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By PHYLLIS McLAUGHLIN
Special to The Henry County Local
Henry County native Joe Ryan, 23, is looking forward to a trip to Destin, Fla., with friends later this year, after he graduates from Eastern Kentucky University.
It will be a landlocked location – “No captain needed for time on the beach,” he said during a phone interview Monday.
Seems mundane, but Ryan is ready for mundane.
He and his lifelong best friend, Jordan Powell, also 23 and a Henry County native, both were aboard the Costa Concordia when it ran aground off the coast of Italy Friday, Jan. 13. That was his first trip overseas – and may be the last time he ever boards a cruise ship.
The Mediterranean cruise was an early graduation present from his parents, Larry and Jean Ryan of Pleasureville, and started with a great day of sight-seeing in Rome, Ryan said.
The next day, “we woke up early to board,” he said.
Powell recalls boarding at 2:30 p.m. “We unpacked and explored the ship,” she said.
At 9 p.m., the group was seated at dinner. They sat with another group of Americans, including a family of three.
“We had one bite of our appetizer, and the floor rumbled,” Ryan recalled.
The group turned to look at Powell, who is an experienced traveler and had been on cruises before.
“She said they might be running the engines harder” as the ship built up momentum for the cruise. “Then we heard the dishes breaking and felt the ship start listing. We got up and ran.”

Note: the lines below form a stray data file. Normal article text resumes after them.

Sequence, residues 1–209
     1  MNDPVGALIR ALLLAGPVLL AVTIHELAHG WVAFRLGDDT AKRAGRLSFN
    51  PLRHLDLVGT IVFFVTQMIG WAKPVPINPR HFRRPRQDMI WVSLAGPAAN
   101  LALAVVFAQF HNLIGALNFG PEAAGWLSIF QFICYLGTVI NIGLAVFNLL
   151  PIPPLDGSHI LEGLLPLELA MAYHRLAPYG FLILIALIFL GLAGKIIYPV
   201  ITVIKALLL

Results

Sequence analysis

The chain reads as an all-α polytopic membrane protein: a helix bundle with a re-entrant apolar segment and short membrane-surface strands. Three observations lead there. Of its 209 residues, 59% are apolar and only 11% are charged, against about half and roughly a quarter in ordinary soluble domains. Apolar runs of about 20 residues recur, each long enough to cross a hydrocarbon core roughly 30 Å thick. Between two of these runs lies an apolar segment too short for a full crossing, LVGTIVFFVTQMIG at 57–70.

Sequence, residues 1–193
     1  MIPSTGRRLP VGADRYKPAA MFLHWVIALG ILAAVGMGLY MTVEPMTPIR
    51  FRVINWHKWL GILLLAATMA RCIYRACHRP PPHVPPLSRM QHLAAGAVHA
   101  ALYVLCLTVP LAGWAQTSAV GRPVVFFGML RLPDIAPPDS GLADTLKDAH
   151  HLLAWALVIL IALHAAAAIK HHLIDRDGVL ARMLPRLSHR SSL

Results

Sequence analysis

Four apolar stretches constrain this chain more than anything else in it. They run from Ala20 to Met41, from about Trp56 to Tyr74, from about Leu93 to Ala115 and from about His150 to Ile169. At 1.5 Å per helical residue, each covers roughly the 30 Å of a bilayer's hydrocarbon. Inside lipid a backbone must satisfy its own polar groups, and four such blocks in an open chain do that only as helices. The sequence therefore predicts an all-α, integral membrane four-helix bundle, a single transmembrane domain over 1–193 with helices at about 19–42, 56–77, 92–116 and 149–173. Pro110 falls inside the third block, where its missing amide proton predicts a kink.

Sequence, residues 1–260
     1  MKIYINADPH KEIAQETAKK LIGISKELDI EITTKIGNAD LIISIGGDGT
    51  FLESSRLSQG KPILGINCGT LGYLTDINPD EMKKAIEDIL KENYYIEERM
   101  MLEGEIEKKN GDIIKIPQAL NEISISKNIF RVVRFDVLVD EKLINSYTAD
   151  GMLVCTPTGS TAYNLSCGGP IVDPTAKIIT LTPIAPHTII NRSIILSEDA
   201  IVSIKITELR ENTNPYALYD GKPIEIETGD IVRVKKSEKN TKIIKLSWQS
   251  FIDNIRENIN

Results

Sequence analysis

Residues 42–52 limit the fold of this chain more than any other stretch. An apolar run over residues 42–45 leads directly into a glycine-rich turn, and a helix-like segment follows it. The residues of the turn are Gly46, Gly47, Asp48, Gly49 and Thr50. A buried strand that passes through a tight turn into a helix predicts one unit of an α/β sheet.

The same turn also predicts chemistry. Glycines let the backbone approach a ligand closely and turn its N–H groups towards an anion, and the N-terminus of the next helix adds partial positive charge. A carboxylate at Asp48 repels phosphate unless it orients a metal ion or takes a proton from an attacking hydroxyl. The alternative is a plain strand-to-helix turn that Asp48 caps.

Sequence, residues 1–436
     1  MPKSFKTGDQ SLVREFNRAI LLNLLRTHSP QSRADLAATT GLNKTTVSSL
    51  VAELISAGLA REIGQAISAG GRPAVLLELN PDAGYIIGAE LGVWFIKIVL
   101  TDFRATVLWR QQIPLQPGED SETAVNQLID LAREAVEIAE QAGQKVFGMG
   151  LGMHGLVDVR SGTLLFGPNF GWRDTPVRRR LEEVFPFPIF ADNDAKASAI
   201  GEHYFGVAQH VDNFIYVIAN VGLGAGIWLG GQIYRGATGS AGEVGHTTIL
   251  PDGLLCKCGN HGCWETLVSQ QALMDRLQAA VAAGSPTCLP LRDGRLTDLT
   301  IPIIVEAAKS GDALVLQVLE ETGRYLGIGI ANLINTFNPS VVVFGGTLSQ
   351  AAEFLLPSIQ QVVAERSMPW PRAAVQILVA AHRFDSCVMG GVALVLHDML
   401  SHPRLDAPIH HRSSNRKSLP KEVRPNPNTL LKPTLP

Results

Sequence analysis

As has been reported by the international media, cruisers had not yet been through any drills to prepare them for an emergency, Ryan said. “I’ve never been on a cruise ship before, and I had no long-term thought of what to do.”
He and another friend, Lauren Moore of Bowling Green, were separated from Powell and the rest of their party. He said their first instinct was return to their cabins. “It was the only place we knew that they would know where to meet us.”
For about an hour and a half, the pair went back and forth between the cabins, hoping to find their friends.
“We waited and waited for directions” from the captain and the crew over the public address system, he said. They had only two messages – one from a crew member advising passengers that the problem they were having was an electrical issue, he recalled. The second, and last, announcement they heard was to tell passengers there was a problem with a generator.